The Book of Esther is different from all other books of the Bible in that the name of God is not mentioned even once. On the surface, God is nowhere to be found!
Names are just for others to use to address us, to distinguish us from others, and to differentiate one trait in a person from another. Without a name, a person can live a complete and fulfilled life. The mystics explain that the interaction between God and the story of Purim comes from the deepest and strongest place within God, where names and superficial faculties do not matter.
One of the Purim directives is to raise awareness that blessed be Mordechai (the good guy) and cursed be Haman (the bad guy) are the same! How can anyone be expected to fail to recognize the difference between a righteous man who devotes his entire life to helping people and an evil man whose sole ambition is to eradicate a people from the world?
The following is one of the explanations for fulfilling the above directive. When added up, the letters in Hebrew for “blessed be Mordechai” and “cursed be Haman” equal 502. On Purim, a person should drink just enough that he can’t quickly figure out the two numbers that add up to the same number, which is a bit strange. Why did the sages choose these two statements (blessed be… and cursed be..) as the determining criteria? Ironically, “blessed be the good guy” and “cursed be the bad guy” both come down to identical numbers!
A similar question is asked in the Mishnah, which teaches, “In the same way a person blesses and acknowledges God for good, he should also always acknowledge God for the bad.” Why the association between the good and the bad? The sages could have said that every experience requires a blessing, which would have sufficed.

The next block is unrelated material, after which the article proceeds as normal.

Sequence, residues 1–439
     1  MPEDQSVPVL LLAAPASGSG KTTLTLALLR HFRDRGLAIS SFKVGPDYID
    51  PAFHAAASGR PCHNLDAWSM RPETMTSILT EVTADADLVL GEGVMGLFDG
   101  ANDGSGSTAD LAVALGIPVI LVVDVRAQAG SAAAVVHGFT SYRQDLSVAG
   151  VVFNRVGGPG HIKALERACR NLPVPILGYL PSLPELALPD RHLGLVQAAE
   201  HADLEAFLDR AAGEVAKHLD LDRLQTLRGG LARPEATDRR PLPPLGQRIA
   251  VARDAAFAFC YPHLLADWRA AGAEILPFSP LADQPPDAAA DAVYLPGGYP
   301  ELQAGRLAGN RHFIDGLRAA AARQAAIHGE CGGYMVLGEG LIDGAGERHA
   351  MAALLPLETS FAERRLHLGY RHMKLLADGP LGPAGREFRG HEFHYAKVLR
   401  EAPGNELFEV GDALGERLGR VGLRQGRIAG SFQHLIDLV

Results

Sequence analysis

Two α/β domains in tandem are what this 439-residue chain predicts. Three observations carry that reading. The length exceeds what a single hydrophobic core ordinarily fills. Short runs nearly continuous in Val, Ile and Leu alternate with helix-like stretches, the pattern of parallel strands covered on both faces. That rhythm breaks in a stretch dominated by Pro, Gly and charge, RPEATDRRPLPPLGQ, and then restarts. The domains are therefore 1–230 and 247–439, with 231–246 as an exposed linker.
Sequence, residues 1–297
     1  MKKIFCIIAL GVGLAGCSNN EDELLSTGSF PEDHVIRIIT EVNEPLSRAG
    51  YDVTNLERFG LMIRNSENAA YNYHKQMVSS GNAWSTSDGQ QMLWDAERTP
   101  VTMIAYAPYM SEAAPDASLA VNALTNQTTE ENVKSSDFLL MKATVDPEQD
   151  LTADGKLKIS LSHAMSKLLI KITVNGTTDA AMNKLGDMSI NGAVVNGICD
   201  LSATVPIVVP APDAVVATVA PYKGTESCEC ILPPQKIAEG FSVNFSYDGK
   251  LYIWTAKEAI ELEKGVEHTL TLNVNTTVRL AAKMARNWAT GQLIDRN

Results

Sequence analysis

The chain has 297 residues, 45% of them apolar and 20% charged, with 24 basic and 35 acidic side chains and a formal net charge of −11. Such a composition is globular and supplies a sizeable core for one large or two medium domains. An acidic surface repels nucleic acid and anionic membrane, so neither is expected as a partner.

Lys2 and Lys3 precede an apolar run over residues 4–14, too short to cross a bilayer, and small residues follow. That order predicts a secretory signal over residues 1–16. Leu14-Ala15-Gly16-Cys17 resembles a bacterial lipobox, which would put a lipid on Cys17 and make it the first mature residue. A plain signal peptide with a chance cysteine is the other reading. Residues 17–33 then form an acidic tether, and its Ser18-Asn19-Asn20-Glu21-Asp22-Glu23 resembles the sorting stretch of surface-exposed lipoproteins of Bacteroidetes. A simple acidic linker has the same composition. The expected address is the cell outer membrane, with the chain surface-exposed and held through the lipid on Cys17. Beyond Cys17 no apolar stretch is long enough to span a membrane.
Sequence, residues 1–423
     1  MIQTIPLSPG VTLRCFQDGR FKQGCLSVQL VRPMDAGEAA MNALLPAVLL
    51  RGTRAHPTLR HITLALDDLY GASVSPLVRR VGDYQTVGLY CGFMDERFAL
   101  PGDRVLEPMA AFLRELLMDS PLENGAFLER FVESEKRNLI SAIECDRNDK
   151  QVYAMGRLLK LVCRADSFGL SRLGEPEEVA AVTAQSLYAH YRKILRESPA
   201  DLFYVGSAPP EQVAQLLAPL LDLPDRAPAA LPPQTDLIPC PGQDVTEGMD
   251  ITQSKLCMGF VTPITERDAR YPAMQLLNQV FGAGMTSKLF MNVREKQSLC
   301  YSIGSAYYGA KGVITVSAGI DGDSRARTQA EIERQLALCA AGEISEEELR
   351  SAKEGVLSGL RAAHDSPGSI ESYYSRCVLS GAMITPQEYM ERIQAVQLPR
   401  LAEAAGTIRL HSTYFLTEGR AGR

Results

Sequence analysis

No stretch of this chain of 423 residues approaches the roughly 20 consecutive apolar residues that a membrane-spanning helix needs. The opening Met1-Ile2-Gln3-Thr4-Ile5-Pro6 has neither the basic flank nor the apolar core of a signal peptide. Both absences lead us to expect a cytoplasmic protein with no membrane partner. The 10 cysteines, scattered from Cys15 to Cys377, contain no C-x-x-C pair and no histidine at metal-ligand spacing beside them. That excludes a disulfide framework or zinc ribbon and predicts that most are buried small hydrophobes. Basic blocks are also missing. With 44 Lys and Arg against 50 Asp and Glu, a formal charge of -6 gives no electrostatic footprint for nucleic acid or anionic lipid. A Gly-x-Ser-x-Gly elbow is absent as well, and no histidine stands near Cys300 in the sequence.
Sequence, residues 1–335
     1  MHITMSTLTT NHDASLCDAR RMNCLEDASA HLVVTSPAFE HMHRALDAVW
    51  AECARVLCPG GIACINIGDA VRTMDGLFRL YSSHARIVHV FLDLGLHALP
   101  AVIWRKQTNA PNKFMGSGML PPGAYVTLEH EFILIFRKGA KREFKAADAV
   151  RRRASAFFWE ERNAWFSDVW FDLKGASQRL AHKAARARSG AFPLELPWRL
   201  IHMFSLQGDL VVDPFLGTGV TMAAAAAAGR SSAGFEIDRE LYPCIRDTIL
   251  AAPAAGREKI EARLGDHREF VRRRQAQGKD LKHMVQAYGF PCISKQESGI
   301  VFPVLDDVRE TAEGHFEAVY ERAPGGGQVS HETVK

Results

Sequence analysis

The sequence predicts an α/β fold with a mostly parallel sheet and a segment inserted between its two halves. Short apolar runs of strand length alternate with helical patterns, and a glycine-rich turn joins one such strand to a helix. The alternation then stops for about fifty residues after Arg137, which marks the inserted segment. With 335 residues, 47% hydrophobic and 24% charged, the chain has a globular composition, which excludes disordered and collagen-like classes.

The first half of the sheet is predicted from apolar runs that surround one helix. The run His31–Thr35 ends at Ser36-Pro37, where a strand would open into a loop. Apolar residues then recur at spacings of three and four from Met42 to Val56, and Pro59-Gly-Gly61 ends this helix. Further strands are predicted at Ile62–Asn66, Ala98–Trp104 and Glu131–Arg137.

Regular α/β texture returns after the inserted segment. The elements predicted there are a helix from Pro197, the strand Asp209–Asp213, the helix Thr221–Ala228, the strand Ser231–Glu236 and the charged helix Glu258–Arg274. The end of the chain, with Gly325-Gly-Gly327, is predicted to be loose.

God, the essence of good, made Haman and evil so that, through an individual’s effort, a change could happen, and the power of evil could be used for the greater good. Down at the source from which it all flows, there is a connection and harmony between the good and the bad. The good has been disguised as evil.
The purpose of darkness is to make people appreciate light more, and in the end, darkness should become the thing that makes people appreciate the light and good even more so.
This is the profound objective of this commandment on Purim. In retrospect, when we read the story and see the numerous coincidences and “accidents” that all just happened to turn out in our favor, and for the better, we realize that we are empowered; that even amid Haman’s curse, there is a route and a higher goal towards blessing. (The Jewish people reconnected themselves with the Torah at that time.) Esther becomes the queen, and Haman ultimately suffers a bitter downfall.
When a person’s attitude is based exclusively on logic and level-headedness, there is a vast distance between good and evil, and one may want to shun evil completely. However, in elevated moments, such as when we hear the Megillah, the Purim story, we can reach a higher perspective, one from a Godlier perspective. We learn that with trust and faith in God’s infinite goodness, which encompasses ALL events, and patience, what appears to be painful becomes the catalyst for the most positive changes in our lives.
That is why we wear masks on Purim; to remind ourselves that this world is a mask over the truth, ultimate purpose, and goodness. The truth is that God is the inner cause of everything, which is a tremendous and positive reason to celebrate.
Chapter 184 www.aspiritualsoulbook.com